In end-stage lung disease, transplantation is sometimes the only viable therapeutic option, but organ availability is limited and rejection presents an additional challenge. Innovative research efforts in the field of tissue regeneration, including pioneering discoveries by University of Vermont Professor of Medicine Daniel Weiss, M.D., Ph.D., and colleagues, hold promise for this population, which includes an estimated 12.7 million people with chronic obstructive pulmonary disorder (COPD), the third leading cause of death in the U.S.
In the past year alone, Weiss and colleagues published four articles in Biomaterials, the leading bioengineering journal, as well as two March 2014 articles by first author Darcy Wagner, Ph.D., a postdoctoral fellow working in Weiss’ lab, reporting their development of new methods and techniques for engineering lungs for patients with COPD and pulmonary fibrosis.
Weiss and his team’s work focuses on lung tissue bioengineering, which involves the use of a scaffold — or framework — of lungs from human cadavers to engineer new lungs for patients with end-stage disease. Their studies have examined multiple perspectives on the process of stripping the cellular material from these lungs — called decellularizing — and replacing it with stem cells (recellularization), in an effort to grow new, healthy lungs for transplantation.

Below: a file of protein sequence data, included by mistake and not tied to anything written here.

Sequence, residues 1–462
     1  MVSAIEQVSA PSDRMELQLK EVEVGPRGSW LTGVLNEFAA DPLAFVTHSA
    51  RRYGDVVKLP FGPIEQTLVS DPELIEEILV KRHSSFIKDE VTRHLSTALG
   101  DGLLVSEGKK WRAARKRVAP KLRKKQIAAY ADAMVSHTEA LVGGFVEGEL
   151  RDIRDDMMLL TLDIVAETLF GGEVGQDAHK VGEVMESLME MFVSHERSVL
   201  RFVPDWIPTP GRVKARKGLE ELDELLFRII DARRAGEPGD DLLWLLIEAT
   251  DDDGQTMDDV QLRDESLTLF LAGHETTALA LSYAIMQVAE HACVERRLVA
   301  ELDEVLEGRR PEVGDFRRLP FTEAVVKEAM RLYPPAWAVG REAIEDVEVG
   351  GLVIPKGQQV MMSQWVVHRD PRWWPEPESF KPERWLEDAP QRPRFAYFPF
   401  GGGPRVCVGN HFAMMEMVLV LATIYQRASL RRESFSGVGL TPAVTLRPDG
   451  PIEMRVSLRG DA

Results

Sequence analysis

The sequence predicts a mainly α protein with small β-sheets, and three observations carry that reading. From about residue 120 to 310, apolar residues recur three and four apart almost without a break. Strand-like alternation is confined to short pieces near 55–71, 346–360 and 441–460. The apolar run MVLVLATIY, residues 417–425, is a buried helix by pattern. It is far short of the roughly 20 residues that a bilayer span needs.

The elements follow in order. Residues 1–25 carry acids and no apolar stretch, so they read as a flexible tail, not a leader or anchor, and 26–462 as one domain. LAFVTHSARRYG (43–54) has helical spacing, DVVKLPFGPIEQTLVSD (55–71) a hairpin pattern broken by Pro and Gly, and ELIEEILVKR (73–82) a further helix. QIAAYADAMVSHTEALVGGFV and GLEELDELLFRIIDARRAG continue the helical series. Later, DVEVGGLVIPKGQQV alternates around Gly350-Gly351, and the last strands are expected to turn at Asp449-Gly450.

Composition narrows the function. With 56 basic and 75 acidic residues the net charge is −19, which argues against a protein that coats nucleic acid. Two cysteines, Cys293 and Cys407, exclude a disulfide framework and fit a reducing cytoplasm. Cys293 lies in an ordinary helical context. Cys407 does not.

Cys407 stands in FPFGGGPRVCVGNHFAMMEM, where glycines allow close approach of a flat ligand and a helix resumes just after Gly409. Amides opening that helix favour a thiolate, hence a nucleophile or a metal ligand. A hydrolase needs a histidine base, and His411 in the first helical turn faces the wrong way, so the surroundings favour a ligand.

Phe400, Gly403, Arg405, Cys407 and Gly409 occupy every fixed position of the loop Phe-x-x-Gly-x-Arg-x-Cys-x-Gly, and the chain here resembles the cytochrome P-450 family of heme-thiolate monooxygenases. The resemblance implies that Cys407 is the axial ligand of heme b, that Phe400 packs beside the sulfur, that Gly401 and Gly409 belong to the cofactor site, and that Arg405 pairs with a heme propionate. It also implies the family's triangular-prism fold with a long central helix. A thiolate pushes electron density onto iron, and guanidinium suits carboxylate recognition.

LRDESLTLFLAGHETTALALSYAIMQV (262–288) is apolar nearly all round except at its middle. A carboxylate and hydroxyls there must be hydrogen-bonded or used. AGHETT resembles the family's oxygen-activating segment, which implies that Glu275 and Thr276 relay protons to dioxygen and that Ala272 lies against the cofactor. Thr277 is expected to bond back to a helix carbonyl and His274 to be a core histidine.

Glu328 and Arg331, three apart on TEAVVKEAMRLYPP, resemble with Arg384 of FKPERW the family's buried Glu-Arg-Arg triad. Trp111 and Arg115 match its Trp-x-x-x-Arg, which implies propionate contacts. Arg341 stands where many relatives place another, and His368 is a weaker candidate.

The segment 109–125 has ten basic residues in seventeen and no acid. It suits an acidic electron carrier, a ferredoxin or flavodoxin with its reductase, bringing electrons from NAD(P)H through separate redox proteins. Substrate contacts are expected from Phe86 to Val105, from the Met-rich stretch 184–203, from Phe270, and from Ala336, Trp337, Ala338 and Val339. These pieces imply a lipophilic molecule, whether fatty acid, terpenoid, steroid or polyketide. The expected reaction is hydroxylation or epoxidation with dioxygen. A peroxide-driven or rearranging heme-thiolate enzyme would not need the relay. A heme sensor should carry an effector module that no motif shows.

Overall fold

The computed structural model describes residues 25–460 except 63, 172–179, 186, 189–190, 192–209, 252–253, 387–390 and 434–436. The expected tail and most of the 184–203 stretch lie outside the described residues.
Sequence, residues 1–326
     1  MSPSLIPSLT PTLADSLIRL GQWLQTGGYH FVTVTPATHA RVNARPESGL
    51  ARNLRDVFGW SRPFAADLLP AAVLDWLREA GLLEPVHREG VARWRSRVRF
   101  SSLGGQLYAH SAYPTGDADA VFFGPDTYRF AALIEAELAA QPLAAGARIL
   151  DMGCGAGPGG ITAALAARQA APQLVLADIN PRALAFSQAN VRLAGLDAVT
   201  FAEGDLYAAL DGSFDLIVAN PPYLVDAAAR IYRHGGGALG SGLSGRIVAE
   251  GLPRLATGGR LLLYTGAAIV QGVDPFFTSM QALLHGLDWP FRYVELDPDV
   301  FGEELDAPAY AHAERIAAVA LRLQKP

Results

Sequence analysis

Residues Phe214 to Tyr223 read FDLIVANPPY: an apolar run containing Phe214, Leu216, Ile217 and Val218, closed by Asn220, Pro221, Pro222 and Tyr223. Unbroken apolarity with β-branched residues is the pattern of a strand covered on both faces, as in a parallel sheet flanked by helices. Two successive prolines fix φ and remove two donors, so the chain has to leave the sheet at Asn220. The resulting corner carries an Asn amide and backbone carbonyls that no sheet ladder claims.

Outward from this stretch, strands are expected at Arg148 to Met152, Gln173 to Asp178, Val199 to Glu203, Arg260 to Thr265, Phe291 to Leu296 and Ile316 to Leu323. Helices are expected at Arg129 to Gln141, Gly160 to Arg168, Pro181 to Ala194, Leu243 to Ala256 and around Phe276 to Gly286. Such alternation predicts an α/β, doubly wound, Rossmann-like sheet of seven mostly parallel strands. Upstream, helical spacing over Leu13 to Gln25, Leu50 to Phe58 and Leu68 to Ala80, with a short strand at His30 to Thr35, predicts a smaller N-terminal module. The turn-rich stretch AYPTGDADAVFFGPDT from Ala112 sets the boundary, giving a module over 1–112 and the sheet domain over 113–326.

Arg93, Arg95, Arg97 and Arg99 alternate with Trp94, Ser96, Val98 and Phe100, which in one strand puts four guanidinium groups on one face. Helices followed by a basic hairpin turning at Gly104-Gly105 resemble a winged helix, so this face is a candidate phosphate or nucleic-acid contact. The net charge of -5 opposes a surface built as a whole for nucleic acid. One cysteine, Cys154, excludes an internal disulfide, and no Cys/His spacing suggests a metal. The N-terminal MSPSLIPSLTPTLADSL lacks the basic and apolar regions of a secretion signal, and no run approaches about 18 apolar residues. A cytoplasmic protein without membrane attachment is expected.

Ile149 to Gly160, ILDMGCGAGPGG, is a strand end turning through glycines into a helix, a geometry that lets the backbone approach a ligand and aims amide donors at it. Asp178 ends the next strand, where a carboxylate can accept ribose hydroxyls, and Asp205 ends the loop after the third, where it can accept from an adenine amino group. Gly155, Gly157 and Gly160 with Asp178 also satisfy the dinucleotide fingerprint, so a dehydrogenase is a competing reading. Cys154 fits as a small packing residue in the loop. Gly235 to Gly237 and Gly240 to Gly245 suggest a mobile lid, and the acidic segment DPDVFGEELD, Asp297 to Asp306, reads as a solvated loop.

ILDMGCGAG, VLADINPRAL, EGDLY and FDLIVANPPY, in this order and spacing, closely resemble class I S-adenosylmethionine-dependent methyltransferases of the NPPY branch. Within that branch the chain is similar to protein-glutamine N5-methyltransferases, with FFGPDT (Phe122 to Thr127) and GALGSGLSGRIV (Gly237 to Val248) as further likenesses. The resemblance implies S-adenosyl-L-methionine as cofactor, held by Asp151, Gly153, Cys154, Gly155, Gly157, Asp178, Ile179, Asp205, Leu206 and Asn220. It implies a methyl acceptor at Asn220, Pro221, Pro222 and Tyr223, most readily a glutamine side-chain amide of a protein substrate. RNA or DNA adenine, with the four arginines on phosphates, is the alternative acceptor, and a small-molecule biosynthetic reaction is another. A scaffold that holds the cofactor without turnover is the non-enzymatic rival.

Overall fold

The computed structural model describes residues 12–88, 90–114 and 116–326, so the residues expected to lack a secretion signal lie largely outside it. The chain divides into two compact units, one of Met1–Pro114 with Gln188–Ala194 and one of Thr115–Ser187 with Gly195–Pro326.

Working in animal and human models, Wagner, Weiss and colleagues have addressed numerous challenges faced during the lung tissue bioengineering process, such as the storage and sterilization of decellularized cadaveric scaffolds and the impact of the age and disease state of donor lungs on these processes.
In one of the latest Biomaterials studies, the researchers report on novel techniques that increase the ability to perform high-throughput studies of human lungs.
“It’s expensive and difficult to repopulate an entire human lung at one time, and, unlike in mouse models, this doesn’t readily allow the study of multiple conditions, such as cell types, growth factors, and environmental influences like mechanical stretch — normal breathing motions — that will all affect successful lung recellularization,” explains Weiss.